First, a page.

Yeah, I read Gatsby about every other year (it just seems to be the perfect short novel). I’ve read his entire cannon and his letters, and just love his language. Steinbeck is fantastic as well, but I can only handle so many depressing farming stories. I will make it through his works eventually (East of Eden is my next “project”). I don’t know what it is about 400+ pages that intimidates me, as usually these tome books are worth their time…
I think I just love that era, where authors were glorified for what they were: artists.
That’s true about Steinbeck, but I love his descriptions of nature as metaphors for the themes of his books. When I taught high school English, I always taught The Pearl to kids who had never read a book before. It’s short, action-packed, and filled with literary techniques. For the most part, they loved it.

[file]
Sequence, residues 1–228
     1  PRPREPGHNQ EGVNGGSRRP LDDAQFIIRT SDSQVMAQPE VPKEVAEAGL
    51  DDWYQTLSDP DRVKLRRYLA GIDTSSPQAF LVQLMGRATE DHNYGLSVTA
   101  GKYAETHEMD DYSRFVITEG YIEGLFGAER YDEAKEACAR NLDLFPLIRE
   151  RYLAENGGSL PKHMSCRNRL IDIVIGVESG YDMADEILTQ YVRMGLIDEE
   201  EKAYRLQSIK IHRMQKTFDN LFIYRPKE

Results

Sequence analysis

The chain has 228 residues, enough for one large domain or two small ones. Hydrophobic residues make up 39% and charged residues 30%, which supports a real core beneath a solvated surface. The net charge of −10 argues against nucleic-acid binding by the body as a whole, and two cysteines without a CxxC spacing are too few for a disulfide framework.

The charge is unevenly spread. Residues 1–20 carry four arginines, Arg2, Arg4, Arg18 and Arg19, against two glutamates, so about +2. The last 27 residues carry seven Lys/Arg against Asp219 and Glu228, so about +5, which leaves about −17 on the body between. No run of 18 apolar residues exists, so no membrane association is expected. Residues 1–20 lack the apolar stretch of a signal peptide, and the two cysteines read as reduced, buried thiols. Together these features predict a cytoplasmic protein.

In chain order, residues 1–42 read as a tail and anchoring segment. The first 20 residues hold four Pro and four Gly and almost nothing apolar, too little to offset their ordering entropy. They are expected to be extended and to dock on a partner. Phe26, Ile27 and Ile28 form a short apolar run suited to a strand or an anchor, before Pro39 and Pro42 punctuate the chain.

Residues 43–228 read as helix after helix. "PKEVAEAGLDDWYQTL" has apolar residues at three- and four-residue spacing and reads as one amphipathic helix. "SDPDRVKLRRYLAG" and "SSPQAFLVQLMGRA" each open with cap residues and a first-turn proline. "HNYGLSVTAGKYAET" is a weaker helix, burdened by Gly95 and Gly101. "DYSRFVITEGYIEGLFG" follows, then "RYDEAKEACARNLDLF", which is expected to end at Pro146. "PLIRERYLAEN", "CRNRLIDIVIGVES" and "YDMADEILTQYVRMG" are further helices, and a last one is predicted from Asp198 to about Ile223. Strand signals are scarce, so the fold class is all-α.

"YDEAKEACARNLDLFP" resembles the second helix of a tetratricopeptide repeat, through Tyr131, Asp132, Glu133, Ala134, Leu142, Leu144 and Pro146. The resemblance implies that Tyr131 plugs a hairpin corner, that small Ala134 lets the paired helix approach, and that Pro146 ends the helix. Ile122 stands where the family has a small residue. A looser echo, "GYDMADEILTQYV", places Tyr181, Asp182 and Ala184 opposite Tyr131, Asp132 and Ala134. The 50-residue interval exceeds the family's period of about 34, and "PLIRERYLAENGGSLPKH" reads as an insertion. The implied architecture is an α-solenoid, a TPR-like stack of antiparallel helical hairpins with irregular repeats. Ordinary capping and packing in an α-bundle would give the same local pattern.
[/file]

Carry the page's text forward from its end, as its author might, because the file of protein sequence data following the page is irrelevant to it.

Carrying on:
This is awesome! Thanks, PC! I’m casually addicted to books on writing and am always looking for good recommendations.
Not that he’s comparable to Hemingway, but I feel the same about Stephen King’s “On Writing.” I don’t much care for his novels, (though I have huge respect) but I very much enjoyed and learned from “On Writing.”
I’ll be off to find “A Moveable Feast!!”
That’s true. I like “On Writing,” but I’ve never read Stephen King. My daughter was a fan in her teenage years, and I always worried about that. But now we read similar types of books and trade back and forth often.
[…] in The Paris Wife, a novel about Ernest Hemingway and his first wife Hadley. Using Hemingway’s Moveable Feast, McLain creates conversations and events between the characters. She read Hadley’s letters to […]